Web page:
“Don’t worry” Jesus assures them. “God will honour the sacrifices you’ve made for the Gospel. He is no ones debtor”. Jesus promises “hundreds” more possessions and relationships to replace those sacrificed. This super-abundance of possessions and family probably refers to all that becomes available to us in and through the Christian family – those extra brothers and sisters, those homes we’re welcomed into, all the possessions we’re invited to share etc.

As a reality check, against all this talk of blessing, Jesus reminds his disciples there will be hardships and suffering for those who follow Him. It’s a costly business, but ‘He did not call us to win the rewards of time but to earn the blessings of eternity. God has not only this world in which to repay’ us. The world may treat followers of Christ like the lowest of the low, but in the topsy turvy world of heaven we will be exalted to the highest place. But it would be very wrong to be in the Christian faith solely for what we hope to get out of it.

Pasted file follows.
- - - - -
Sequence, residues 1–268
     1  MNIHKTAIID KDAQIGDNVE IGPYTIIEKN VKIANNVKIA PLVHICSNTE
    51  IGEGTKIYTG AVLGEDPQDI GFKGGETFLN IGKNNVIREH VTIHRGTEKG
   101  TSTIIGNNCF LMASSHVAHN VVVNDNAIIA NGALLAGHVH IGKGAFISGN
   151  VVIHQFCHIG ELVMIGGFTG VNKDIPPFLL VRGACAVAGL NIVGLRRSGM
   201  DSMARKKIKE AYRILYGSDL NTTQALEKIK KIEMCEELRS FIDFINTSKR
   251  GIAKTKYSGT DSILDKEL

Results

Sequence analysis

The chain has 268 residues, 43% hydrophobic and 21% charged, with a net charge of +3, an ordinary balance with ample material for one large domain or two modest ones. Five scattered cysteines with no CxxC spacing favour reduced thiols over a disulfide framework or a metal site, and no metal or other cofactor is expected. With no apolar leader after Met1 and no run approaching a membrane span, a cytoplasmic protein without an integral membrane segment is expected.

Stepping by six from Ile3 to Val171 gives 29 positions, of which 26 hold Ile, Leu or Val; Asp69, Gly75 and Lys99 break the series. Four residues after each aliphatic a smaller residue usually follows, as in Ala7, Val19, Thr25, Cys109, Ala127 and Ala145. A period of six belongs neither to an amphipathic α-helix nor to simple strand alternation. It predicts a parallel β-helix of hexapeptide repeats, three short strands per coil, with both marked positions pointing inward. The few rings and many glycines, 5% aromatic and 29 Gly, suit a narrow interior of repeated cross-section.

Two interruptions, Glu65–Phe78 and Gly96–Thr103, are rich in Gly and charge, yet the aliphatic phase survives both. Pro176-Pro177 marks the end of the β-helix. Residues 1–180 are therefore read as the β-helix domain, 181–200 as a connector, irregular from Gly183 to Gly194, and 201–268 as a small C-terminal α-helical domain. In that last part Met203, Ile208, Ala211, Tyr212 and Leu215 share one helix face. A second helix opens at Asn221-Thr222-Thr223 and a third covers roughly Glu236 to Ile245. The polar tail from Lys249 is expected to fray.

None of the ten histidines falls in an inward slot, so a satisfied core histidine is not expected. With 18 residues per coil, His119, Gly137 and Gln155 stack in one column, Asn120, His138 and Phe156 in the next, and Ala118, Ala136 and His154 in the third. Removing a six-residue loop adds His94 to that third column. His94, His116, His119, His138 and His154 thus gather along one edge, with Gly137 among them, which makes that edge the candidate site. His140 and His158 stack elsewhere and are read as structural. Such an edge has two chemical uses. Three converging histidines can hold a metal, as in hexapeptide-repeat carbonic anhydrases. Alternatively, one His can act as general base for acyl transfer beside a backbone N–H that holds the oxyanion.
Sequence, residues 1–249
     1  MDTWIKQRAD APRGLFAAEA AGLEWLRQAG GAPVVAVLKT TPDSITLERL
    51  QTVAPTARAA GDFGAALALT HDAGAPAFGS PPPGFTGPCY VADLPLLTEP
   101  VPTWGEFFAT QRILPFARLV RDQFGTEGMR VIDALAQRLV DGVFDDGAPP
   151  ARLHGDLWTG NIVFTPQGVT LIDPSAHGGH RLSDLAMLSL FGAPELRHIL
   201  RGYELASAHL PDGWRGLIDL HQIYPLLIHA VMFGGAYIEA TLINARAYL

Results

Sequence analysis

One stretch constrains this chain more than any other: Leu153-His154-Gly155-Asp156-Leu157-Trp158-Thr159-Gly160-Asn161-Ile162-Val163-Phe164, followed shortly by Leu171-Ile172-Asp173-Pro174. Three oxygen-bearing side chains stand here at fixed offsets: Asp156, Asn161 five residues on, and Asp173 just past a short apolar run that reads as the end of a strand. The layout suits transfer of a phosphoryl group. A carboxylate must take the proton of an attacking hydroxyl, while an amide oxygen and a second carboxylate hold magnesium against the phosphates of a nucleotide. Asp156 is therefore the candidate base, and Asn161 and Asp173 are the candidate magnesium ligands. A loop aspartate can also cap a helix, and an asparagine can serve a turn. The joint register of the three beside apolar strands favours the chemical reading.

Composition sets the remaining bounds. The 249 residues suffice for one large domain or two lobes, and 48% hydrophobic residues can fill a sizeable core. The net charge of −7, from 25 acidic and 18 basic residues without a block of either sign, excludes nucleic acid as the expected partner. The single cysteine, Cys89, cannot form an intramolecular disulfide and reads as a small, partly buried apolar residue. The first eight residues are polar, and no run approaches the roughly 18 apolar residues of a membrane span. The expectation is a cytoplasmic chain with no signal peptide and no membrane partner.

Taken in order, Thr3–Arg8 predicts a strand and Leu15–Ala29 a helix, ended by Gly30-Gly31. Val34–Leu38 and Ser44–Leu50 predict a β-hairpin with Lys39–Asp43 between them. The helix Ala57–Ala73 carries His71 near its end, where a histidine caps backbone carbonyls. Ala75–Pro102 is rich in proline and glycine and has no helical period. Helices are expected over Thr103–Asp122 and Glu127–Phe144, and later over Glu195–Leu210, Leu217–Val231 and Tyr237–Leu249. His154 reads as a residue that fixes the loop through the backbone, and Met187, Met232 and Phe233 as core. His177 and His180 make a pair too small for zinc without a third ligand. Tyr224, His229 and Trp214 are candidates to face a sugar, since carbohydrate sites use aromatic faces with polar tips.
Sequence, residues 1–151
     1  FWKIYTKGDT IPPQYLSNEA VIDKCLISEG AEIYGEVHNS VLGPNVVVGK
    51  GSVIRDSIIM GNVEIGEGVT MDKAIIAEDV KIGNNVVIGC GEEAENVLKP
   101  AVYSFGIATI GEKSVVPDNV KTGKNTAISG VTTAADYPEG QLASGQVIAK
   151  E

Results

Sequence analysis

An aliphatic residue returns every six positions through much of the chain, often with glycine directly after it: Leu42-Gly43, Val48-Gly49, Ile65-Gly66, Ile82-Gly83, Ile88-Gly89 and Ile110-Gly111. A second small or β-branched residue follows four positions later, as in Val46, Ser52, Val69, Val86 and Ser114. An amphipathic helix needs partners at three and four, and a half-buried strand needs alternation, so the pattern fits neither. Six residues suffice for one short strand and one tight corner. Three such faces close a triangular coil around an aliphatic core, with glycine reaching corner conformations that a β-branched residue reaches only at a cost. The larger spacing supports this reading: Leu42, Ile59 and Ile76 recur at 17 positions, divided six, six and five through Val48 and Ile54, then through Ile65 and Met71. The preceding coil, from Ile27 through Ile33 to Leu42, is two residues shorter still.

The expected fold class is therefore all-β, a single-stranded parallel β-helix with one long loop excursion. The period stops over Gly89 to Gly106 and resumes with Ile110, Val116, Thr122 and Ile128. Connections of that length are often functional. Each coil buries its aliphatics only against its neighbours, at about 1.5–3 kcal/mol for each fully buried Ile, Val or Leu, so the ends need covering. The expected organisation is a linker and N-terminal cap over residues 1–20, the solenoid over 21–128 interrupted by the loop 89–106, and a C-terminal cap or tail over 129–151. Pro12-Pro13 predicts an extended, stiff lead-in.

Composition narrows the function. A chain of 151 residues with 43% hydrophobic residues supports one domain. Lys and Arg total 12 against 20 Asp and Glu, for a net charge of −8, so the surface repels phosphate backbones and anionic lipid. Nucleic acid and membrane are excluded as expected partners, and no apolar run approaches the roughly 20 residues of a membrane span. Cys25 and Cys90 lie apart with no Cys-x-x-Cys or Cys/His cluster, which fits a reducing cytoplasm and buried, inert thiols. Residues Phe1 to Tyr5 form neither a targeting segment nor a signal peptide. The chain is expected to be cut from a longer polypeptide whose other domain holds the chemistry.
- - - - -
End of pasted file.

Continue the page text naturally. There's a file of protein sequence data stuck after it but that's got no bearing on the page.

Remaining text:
Jesus gave His life that we might have eternal life.
What are we prepared to sacrifice for Him?
A couple of weeks ago in homegroup we looked at the commandment about not stealing. We thought about the fact that in a world where everything we have comes from God, if we have much and others have nothing we are, in a way, stealing.

We live in a world that encourages us to buy more, not give away. Jesus challenged a rich man seeking to gain eternal life to give away his possessions.
What does each one of us stand to gain?
The answer is surely what are willing to give?

I’m thinking mostly here about what are we willing to sacrifice to follow Jesus but there is the added dimension that Jesus tells us to give to those who don’t have what we have.

We make a living by what we get.
We make a life by what we give.
Sir Winston Churchill